Well, this is unclear. The Migration Agency’s website does suggest that having enough money saved up to support both members of the sambo relationship is an option, but it gives no details on how to document this. It is also unclear whether applying on the basis of savings will disadvantage applicants, with preference given to applicants who can show proof of income from work.

The Local has reached out to an immigration lawyer to answer this question. 

Member comments

  1. Does anyone know if its different if you’re married. My husband is English and me and our children are swedish. We really want to move to sweden but it seems complicated now when brexit has happened.

Log in here to leave a comment.
Become a Member to leave a comment.
For members

WORKING IN SWEDEN

EXPLAINED: How to apply for an after studies residence permit in Sweden

Ankita Sharma, a recent graduate with a Masters in Visual Culture from Lund University, explains how to get a permit to stay in Sweden and look for a job after graduation.

EXPLAINED: How to apply for an after studies residence permit in Sweden

If you, like me, came to Sweden for higher studies and are planning to stay for work, the chances are you have heard of the job-seeking permit, which is formerly known as the Swedish After Studies permit. 

The permit is meant to be the next step after a residence permit for students, and acts as a raft for those seeking employment after graduating. Here’s a look into the process of getting it, and what happens next.

Are you eligible for an After Studies permit?

The After Studies residence permit is granted by the Migrations Agency for up to a year from the point a student finishes their degree if they plan to stay in Sweden to find a job or start their own business.

There is a list of specific criteria that must be met by the applicant to be eligible: 

General requirements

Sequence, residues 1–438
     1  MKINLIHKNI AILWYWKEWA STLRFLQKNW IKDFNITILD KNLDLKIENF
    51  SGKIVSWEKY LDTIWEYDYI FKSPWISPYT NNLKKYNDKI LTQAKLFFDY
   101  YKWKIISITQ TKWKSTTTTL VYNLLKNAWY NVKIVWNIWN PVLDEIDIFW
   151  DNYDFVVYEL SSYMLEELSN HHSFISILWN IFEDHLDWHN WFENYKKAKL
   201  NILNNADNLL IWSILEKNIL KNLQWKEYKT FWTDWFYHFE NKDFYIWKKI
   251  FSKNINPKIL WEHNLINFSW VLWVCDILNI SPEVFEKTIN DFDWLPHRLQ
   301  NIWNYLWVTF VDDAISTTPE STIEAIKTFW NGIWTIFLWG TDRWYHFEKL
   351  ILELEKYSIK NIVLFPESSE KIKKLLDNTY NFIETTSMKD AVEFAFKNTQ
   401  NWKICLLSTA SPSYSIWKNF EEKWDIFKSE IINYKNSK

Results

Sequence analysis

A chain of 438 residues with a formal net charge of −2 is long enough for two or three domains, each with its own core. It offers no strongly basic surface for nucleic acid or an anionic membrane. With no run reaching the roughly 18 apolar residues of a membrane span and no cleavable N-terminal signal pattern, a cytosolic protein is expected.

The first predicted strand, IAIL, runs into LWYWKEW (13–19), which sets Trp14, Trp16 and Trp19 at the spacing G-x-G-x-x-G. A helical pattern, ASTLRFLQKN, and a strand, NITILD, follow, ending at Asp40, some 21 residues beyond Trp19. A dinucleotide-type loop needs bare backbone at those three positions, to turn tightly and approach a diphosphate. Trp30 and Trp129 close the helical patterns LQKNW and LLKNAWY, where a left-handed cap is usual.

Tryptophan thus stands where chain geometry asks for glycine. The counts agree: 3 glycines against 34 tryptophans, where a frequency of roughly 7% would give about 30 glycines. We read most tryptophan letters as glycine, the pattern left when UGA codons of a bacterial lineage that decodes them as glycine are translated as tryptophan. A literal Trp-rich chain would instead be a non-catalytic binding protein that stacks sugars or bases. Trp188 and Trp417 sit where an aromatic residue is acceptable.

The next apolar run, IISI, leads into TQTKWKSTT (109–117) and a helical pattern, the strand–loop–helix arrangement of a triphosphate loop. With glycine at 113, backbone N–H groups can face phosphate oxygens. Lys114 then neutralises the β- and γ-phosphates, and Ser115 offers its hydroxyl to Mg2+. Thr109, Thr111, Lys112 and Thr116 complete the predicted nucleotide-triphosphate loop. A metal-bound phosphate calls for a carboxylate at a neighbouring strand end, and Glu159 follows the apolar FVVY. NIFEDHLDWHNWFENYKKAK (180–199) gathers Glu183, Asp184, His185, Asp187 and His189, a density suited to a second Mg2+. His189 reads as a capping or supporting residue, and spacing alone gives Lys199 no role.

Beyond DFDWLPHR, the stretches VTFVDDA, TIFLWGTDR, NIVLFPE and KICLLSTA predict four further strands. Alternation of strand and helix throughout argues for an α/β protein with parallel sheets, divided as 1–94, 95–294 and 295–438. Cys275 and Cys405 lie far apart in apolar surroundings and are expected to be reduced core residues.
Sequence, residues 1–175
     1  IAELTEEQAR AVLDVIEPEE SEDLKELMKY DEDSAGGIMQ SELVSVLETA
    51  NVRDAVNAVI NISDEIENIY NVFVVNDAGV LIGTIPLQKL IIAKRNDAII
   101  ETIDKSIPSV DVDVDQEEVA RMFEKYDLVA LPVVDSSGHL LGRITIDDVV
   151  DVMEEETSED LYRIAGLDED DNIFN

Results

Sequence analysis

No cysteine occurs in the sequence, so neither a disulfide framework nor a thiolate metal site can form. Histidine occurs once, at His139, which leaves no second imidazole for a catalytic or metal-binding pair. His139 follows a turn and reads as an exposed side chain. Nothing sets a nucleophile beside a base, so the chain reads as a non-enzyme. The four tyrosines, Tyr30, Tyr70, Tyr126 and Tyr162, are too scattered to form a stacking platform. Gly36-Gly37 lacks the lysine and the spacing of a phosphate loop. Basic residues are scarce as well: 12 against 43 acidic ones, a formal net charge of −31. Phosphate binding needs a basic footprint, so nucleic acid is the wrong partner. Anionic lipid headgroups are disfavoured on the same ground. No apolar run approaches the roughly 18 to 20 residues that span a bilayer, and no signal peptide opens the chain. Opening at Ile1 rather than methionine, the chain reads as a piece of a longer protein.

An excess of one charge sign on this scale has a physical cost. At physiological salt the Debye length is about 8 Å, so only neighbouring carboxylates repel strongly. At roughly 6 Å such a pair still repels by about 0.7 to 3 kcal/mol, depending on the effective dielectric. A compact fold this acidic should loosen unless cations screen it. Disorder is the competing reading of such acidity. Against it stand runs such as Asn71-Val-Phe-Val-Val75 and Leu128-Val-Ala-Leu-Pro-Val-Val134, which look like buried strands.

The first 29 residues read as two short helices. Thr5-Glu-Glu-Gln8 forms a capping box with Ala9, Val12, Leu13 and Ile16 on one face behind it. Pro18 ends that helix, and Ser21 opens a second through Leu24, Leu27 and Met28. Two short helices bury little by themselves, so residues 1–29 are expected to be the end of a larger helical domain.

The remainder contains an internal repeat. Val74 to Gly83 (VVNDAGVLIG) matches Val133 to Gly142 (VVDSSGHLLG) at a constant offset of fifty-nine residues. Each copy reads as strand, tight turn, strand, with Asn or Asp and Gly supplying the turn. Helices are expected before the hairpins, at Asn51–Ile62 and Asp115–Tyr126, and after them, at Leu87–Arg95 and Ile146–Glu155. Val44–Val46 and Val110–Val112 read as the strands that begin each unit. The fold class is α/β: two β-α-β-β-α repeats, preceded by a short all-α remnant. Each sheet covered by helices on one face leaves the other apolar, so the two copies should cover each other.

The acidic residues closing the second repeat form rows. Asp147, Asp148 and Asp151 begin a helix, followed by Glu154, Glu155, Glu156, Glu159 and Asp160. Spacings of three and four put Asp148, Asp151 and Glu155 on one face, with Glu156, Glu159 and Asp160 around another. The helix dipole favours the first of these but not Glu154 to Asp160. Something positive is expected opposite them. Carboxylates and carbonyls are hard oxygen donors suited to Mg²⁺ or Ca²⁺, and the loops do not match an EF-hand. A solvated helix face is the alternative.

According to the Migrations Agency’s website, only a person who has previously held a residence permit for higher studies in Sweden, or a residence permit for ‘mobility studies’ issued in another EU country is eligible to apply for the After Studies permit.

You must hold a passport that is valid throughout the period that you are applying for and apply before the expiration date of
your current permit.

The copies of your passport must clearly show your personal information, photograph, signature, passport number, issuing country, period of validity, entry/exit stamp, and the permission you have live outside your home country.

You must also state clearly in the application form whether you intend to look for a job or start your own business.

Study credits needed

In order to secure this particular permit, you must apply before the expiry of your current permit and after you have completed a higher education program that was at least two semesters long and based in Sweden. You must have completed and passed sufficient courses to gain at least 30 credits, which is equivalent to about two semesters. 

You must prove this by sending a copy of your diploma, excerpts from the Ladok register, or certificates from authorised staff at your university, stating that you have completed all the courses in your program successfully.

This means applicants have a very short window of time between being awarded their credits or diploma and making their application, something which is crucial to be aware of and a source of a lot of confusion for applicants.

Funds and Health Insurance

As with a normal residence permit, you as an applicant need to prove that you can support yourself through the entire duration of the permit, so proof of funds (such as bank statements and other documents) is mandatory.